35 In the words of external service providers.... LFLS is like a garden where cultural seeds are planted, from 0 to Elderhood. There is cultural programming that helps bring people home to who they really are. There are so many barriers to services in the area, if it wasnt for LFLS, people would just fall through the cracks.

36 Early childhood programs at the centre Programs for children and youth are a magnet in the community, bringing people together, cultural events, information, education, social support, health fairs, health services, speech-language services, community kitchens. delivery. Our child care is a holistic model, and feels natural to us as Aboriginal people, where we have always seen children and the community as one.

37 One stop service delivery / Two-way learning ECD as Hub model provides ready mutual access between community members & professional services. Site for itinerant professionals to build relationships with a stable core of staff, become culturally literate, & follow-up large numbers attending regular programs. Site for community staff to learn from professionals & take on some continuous service delivery (e.g., speech- language repetition, OT exercises, dental hygiene) Site for community staff to monitor services delivered to members, mediate, & explain services to parents.

38 Continuity of care Bringing a child to a program can be an entry point (hook) for introducing parents and grandparents to an array of information, support, & intervention. Staff can identify developmental needs or periods of family stress & move assessment or extra supports quickly into place without high drama / disruption / costs /waiting time. Children at risk or designated in need of protection are more likely to be retained in community with laddered services readily available.

39 Capacity development Gather & retain a qualified pool of professionals & para-professionals who become familiar with a variety of services across the inter-sectoral spectrum Service memory & continuity - when one staff leaves, a core of familiar, competent staff remain

40 Leadership development Mentorship, support networks & continuous cross- disciplinary, professional development Well suited to rural & remote communities where staff often feel huge burden of responsibility & social isolation As staff develop a holistic view of community needs & goals, they initiate new outreach & programs approaches Leadership development sustainable programs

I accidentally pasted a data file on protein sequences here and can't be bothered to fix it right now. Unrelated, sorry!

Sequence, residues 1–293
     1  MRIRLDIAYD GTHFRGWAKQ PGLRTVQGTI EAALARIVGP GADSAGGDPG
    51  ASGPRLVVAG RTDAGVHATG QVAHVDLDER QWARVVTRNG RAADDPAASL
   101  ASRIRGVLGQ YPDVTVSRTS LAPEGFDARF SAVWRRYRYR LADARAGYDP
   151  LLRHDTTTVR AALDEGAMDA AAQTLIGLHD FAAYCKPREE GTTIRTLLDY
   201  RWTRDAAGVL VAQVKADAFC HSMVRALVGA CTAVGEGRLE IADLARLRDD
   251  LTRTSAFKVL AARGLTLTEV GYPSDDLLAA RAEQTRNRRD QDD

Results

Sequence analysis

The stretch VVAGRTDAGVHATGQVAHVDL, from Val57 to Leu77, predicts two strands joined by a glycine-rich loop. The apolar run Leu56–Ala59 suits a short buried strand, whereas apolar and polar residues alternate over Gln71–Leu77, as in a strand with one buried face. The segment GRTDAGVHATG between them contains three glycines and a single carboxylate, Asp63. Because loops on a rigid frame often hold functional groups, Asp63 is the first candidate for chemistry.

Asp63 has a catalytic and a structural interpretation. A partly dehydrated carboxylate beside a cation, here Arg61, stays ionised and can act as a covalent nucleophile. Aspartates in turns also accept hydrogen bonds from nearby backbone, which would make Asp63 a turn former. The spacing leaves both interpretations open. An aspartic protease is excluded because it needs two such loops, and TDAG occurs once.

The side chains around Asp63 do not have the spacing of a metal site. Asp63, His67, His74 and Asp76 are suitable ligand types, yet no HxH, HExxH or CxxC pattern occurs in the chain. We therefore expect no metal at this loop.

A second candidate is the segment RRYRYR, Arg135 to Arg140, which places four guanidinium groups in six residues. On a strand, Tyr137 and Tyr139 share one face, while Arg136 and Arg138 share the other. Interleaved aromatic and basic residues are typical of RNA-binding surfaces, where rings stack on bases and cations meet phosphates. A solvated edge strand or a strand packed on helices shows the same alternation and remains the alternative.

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42 Challenges Unstable funding (e.g., year to year) creates challenges for program planning, staff development and retention, and community confidence in the sustained availability of preferred community-operated programs. Lack of funding for continued programming (e.g., Bladerunner), especially for the year olds. Lack of funding for expansion of early childhood programs in high demand (e.g., Little Fry, AHS).

43 Challenges Inadequate funding for staff development. Difficulty recruiting credentialed Aboriginal staff. Diversity of First Nations cultures and languages in the population base who participate in LFLS programs (a strength & challenge)

44 Challenges Surrounding service agencies and institutions draw upon LFLS resources Tends to be more one-way than bilateral/mutually beneficial relationship. Some mainstream service practitioners encourage Aboriginal participation in mainstream programs rather than in programs offered by LFLS. Funding for mainstream programs can eclipse the needs for and successes of the services offered by an Aboriginal-run service (e.g., full-day kindergarten and Aboriginal Head Start).

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46 Learning points 1. Coordinated services are better for everyone – Children – Families – Staff – Funders – Other child and family serving agencies in the community

47 Learning points 2. Processes to develop and sustain a successful hub must be guided by cultural protocols. 3. Programs must be infused with cultural knowledge and practices. 4. Fund-raising is a core aspect of creating, sustaining and expanding community-operated services.

48 Learning points 5.The larger ecology of service systems and service funding agencies need to respond with sustained support for community-operated multi-service hubs that are demonstrating positive impacts.

49 Find out more..... Visit &